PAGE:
Philippine’s congress considers four-day workweek

  • Baguio City Rep. Mark Go has filed a House bill pushing for a compressed work week scheme.
  • The bill seeks to reduce work days to less than six, allowing employees to work for 12 hours a day and enjoy three rest days in a week.
  • While the government is still solving Manila’s traffic woes, the measure may help alleviate the situation by allowing employees to reduce the probability of plying EDSA on their way to offices.

Employees who have long been rallying for shorter days of work  to make personal time for themselves and their loved ones may soon benefit from a measure pushing for a compressed work week scheme in the 18th Congress.

Baguio City Rep. Mark Go has filed House Bill 1904, “an Act increasing the normal work hours per day under a compressed work week scheme, amending Articles 83, 87 and 91 of Presidential Decree No. 442, otherwise known as the Labor Code of the Philippines, as amended.”

Photo from Reuters (Erik de Castro)

In his explanatory note, Go said that the concept of compressed work arrangement refers to an alternative schedule wherein the work week will be reduced to less than six days but the total number of normal work hours per week will remain at 48 hours.

This means that an employee now has an option to work for four or five days a week, instead of the current maximum of six days as required by the Labor Code, but he shall work for around 12 hours a day.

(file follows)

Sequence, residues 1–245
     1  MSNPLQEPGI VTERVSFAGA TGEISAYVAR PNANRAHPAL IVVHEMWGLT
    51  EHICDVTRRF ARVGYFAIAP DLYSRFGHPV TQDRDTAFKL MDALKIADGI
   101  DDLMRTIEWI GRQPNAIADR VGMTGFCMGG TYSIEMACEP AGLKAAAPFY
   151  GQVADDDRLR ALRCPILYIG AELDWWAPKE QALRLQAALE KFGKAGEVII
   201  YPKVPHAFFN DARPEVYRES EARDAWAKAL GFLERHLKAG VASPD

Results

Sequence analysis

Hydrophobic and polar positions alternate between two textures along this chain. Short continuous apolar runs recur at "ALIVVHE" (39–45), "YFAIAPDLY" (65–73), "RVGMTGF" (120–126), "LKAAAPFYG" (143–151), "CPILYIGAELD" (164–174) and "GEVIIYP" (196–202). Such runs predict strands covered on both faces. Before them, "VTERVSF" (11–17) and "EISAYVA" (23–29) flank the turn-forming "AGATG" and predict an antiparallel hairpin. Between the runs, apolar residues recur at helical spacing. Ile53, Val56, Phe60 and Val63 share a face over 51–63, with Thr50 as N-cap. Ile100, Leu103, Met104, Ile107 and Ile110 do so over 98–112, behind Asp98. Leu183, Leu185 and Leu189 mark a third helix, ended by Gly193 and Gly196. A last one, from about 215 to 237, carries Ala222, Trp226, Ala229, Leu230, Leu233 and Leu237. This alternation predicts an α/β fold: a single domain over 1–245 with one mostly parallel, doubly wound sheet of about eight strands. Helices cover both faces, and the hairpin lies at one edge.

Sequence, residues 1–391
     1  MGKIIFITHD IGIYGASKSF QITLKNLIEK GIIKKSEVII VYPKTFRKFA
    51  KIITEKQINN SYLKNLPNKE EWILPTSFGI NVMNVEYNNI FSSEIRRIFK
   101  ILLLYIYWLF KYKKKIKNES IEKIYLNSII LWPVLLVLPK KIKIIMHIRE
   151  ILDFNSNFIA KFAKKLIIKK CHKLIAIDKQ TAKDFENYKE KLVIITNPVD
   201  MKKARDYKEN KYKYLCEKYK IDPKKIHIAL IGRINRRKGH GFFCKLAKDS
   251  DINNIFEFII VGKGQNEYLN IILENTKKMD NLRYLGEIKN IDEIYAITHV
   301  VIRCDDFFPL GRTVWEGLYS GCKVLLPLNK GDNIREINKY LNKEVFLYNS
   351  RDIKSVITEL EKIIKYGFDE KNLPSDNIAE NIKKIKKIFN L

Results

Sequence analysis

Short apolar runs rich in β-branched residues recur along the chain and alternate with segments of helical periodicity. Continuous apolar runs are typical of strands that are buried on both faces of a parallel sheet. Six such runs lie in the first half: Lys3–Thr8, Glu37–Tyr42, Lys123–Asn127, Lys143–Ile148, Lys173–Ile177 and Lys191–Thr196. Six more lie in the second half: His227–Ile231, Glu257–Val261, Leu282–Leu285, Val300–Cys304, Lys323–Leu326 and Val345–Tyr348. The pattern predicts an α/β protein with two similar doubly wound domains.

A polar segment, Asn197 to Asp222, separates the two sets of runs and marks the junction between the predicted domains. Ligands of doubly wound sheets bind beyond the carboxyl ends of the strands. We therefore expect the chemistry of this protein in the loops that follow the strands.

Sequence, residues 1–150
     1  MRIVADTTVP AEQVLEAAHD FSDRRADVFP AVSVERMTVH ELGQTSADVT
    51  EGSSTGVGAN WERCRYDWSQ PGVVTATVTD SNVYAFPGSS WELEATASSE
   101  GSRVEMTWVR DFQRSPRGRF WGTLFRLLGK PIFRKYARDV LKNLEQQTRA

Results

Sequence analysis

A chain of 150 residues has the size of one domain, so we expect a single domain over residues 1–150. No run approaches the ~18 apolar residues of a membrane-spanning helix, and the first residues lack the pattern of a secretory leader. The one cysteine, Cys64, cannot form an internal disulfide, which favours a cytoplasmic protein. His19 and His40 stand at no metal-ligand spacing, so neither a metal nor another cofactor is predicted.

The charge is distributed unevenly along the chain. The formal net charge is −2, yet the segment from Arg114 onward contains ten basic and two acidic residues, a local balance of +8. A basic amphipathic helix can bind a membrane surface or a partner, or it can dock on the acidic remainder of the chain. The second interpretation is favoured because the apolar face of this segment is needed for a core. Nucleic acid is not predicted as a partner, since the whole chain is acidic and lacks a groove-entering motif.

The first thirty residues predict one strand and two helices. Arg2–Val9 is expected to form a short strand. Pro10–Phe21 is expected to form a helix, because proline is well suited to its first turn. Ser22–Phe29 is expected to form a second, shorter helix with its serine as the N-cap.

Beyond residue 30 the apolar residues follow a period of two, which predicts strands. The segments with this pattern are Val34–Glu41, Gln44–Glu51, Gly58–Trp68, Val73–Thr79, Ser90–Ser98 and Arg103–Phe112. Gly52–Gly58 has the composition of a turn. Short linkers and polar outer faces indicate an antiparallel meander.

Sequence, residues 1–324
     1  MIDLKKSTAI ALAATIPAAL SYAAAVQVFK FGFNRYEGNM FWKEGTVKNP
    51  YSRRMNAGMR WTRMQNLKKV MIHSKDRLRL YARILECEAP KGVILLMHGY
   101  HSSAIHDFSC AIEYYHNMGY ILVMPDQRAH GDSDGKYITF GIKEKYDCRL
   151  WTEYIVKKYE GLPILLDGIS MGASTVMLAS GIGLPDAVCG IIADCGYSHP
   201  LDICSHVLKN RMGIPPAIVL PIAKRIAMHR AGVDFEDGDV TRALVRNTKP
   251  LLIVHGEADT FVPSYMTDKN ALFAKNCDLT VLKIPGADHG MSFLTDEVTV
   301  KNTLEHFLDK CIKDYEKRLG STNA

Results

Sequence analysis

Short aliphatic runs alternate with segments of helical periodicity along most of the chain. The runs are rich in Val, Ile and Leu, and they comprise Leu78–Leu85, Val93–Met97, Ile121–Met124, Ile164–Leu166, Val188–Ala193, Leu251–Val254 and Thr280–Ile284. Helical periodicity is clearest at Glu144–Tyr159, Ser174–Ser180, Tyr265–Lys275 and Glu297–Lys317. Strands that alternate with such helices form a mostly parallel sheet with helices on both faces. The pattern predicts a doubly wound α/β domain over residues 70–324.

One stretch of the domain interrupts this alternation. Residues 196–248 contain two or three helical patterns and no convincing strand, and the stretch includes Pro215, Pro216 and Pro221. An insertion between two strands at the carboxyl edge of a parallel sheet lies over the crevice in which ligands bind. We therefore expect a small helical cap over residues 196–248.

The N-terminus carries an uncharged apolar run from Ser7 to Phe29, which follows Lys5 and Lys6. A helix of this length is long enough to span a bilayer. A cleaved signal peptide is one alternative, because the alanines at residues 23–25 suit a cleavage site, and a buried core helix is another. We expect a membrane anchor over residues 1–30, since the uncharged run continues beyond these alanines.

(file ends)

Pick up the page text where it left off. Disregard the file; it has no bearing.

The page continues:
The lawmaker cited department orders from the Department of Labor and Employment (DOLE) which had already allowed some firms to follow the compressed work week scheme in the country.

“These arrangements give employers and employees flexibility in fixing hours of work compatible with business requirements and the employees’ need for a balanced work-life,” Go said.

He added that the measure also seeks to promote “competitiveness, efficiency, and productivity” in the labor industry.

Photo from BusinessWorld

HB 1904 also proposes that while work may be performed beyond eight hours a day or 48 hours a week, the employee must be paid for overtime work, an additional compensation equivalent to the regular wage with an additional 25 percent thereof.

Work on a holiday or rest day should also be paid with at least thirty percent of additional campaign.

In a radio interview over the weekend, Go claimed that the measure may also help in addressing traffic woes on EDSA, more so with about 5,000 to 6,000 vehicles passing through the main highway daily.

Photo from INQUIRER.NET (Lyn Rillon)

“The ban on provincial buses has just a little effect in terms of traffic,” said Go.

Celine Pialago, spokesperson of the Metropolitan Manila Development Authority (MMDA) admitted on Wednesday that the first day of the voluntary test run EDSA bus ban was “not successful” and the agency needs more time to prove the efficiency of the policy.

While Go’s measure does not directly address whether a compressed work week could help alleviate the worsening vehicle congestion in the country, it can be assured that workers have an option to enjoy up to three rest days for themselves and get away from Manila’s traffic woes for the mean time.



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